But two years later, I find myself in Illini Tower once again.  I have been hired by the College of Business to work as a Resident Advisor for a month-long summer program where I am tasked with overseeing high school students of color who are interested in the business field.  And it is weird.  I’m in this tense, peculiar place right now, for instance, where I’m sitting ten feet from my old boss, writing a blog post about being an RA in a building I used to be an RA in where I’m still technically under a lifetime ban for writing a blog post about being an RA here.  It’s all at once puzzling, painful, and incredibly surreal to try and articulate just how it feels to be back in an environment that was both so kind and so cruel to me.

RA family

this is our original building staff. We grew very close over the time we all worked together. Out of all the RAs in this picture, only 1 made it to the end of the school year.

I understand why it might be hard for people to believe this, but Illini Tower really is such a special home to me.  This building will always stand in my memory as an odd, sacred sort of space, swollen with significant memories (both sad and sweet ones).  Illini Tower is, after all, where I first developed a sense of friendship and community in college.  It’s where I brought all of my family and friends when they came to visit.  It’s where I met people from the Chicago suburbs and from Africa and India.

I will always remember Illini Tower as that place where, on our first night at school, my roommate and I decided to cook steak and Mako shark in our kitchen, inviting kids from all over the building to join our impromptu potluck.  I remember it for being where I held sleepovers in the basement movie theater, where I first watched Game of Thrones, where I had dinner with the strangers I wanted to get to know.  It’s where my Catholic missionary friend crashed while his apartment was being renovated and where my grandfather absolutely annihilated our bathroom when he came down to visit.

Illini Tower is where I evangelized.  It’s where I developed friendships with some of the most gregarious people I’d ever met, by joining a group called Campus Crusade for Christ.  It’s where I spent day after day knocking on doors, impressing upon people that they should become a part of Cru Christianity™.  This building is where I hosted and participated in revival meetings and prayer sessions, where I started a blog to share my (thoughts on) faith, and where I and a couple other students started a weekly Illini Tower Bible study group that meets to this day.  It’s where my eager, inflamed zeal for Christ surely burned plenty of bridges.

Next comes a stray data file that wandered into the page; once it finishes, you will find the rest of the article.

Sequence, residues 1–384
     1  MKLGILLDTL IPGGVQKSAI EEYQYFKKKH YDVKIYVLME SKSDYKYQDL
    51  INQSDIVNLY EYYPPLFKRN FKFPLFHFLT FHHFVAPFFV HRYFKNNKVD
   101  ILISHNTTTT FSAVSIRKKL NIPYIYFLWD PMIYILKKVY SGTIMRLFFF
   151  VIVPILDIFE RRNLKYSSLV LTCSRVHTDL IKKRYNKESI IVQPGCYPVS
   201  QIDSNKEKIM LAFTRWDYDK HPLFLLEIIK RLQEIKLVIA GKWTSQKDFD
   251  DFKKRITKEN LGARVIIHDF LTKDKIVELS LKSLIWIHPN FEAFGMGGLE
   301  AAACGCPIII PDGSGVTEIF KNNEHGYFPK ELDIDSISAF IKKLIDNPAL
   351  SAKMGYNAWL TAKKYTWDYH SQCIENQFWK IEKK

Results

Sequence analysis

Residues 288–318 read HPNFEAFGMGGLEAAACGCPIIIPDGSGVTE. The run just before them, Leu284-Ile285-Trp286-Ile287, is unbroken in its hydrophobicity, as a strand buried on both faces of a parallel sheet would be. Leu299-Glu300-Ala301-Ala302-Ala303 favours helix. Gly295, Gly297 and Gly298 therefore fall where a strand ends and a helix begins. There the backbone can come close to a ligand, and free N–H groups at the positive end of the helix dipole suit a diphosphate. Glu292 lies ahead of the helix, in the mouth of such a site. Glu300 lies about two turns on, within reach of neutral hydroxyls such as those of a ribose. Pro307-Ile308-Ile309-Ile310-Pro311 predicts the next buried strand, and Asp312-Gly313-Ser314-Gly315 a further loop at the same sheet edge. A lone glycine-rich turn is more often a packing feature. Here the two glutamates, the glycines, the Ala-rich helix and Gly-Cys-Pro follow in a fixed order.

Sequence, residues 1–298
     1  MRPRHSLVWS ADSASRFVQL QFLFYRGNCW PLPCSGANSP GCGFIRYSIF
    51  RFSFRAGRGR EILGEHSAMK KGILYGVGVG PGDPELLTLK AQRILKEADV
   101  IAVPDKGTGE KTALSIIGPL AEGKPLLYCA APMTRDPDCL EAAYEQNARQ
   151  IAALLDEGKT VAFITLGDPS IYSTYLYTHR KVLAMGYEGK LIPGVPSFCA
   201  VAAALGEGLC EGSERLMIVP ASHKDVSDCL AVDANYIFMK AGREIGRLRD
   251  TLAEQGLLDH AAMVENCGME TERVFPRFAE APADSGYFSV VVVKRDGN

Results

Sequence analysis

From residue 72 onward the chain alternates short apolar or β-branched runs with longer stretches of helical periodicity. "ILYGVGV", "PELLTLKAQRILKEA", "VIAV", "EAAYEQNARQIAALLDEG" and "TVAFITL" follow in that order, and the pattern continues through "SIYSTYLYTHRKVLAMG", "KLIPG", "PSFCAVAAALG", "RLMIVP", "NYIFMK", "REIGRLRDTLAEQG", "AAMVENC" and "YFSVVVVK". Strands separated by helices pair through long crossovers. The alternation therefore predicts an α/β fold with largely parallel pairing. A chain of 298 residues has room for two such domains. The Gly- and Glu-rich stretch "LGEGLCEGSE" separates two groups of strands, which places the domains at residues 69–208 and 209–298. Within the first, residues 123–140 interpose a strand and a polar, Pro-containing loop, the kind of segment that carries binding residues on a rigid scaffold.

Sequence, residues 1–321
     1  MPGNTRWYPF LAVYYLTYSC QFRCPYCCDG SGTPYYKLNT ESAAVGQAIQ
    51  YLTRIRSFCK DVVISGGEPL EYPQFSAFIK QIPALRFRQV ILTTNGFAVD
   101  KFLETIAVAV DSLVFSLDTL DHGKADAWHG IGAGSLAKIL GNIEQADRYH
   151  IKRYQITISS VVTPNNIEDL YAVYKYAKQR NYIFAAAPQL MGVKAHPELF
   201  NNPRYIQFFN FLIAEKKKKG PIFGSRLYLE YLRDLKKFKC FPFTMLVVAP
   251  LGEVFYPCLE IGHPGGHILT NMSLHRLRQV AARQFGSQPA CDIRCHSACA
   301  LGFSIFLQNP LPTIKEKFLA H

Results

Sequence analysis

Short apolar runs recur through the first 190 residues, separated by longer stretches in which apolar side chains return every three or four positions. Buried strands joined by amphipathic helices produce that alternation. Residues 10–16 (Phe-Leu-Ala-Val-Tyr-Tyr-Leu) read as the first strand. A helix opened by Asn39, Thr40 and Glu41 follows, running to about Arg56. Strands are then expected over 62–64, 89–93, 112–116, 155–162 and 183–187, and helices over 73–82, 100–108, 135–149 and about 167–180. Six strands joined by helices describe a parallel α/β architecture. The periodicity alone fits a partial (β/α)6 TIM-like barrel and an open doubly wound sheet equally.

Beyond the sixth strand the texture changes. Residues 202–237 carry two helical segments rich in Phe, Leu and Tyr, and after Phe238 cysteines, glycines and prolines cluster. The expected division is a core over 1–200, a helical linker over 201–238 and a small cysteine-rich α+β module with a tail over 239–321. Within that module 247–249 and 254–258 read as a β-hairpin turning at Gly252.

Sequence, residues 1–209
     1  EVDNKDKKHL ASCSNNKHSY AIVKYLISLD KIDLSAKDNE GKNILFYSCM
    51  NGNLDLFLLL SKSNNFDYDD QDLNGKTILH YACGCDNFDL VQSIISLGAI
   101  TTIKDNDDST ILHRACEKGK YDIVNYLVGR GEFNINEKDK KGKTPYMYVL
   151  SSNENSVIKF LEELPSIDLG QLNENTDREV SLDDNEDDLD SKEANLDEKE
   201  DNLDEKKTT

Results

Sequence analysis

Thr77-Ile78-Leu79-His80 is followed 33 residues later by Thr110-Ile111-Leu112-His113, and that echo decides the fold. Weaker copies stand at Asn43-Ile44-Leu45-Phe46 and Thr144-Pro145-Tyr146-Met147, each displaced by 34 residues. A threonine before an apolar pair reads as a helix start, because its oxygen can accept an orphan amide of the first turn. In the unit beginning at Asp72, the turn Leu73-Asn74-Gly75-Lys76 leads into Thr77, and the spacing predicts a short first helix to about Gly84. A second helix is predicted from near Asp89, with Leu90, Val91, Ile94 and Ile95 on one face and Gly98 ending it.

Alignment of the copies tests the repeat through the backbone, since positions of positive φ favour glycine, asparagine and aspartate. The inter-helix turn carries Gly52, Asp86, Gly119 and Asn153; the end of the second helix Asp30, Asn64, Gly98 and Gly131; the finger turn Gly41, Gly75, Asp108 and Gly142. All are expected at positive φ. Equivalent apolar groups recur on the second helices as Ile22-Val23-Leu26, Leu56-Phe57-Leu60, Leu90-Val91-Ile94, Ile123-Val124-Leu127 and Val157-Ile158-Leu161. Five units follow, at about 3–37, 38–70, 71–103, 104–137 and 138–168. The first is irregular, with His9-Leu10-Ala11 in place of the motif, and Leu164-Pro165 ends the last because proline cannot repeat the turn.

Illini Tower is where I laughed.  It’s where my devoutly Muslim roommates and I spent each night finding strictly alcohol-free things to do (things that often got us into more trouble than boozing around would have).  Illini Tower is where I successfully played “the floor is lava” from my bedroom all the way down to the building’s front entrance, where we filled an empty vodka bottle with water and guzzled it down in front of our RA, and where we locked each other in the bathroom at the most inconvenient times.  It’s where we dragged our desks and chairs into the northwest elevator and hunched over physics textbooks, acting annoyed when people came in and interrupted our “studying.”

the roommates

so a Palestinean, a Japanese, a Nigerian, and an Egyptian walk into a bar…

Illini Tower is where I played.  It’s where we used County Market pineapples and kiwi and tomatoes to hold games of real-life Fruit Ninja.  It’s where I chased my roommate through our floor lounge with a kitchen knife, breezing past bewildered neighbors as we sprinted along shirtless, slathered in Ketchup we pretended was blood.  Illini Tower is where we pushed all the buttons on the elevators, where we abused Vaseline and whipped cream, Febreze and saran wrap, to interrupt each other’s studying with predictable pranks.  It’s where I played lots of other things, including songs by The Fray, Coldplay, and Mumford & Sons with banjo, electric, and piano-proficient friends.  It’s where I first made music with the girl I would one day fall in love with.

And love.

Oh, Illini Tower is where I loved.  It’s where I felt a hard flittering in my gut as I fell asleep one night, where I told my roommate, softly, almost imperceptibly, …I think I like Tara*.  It’s where I began my first relationship, where I had my first kiss, and where I used a Panda Express fortune cookie to facilitate my first breakup.  This building is where I flinched and swiftly wounded someone who didn’t deserve my callousness, where I internalized feelings of shame and regret that have followed me for years.  Illini Tower is where I first became enamored of C.S. Lewis, and where, for the very first time in my life, I fell in love hard and had my hard heart wrung and most definitely broken.  It’s where I first told a girl I love you and actually meant it, and it’s where that girl couldn’t stop crying for hours afterwards.

Yeah, this place was never entirely rainbows and butterflies.  Many memories bring nothing but pain.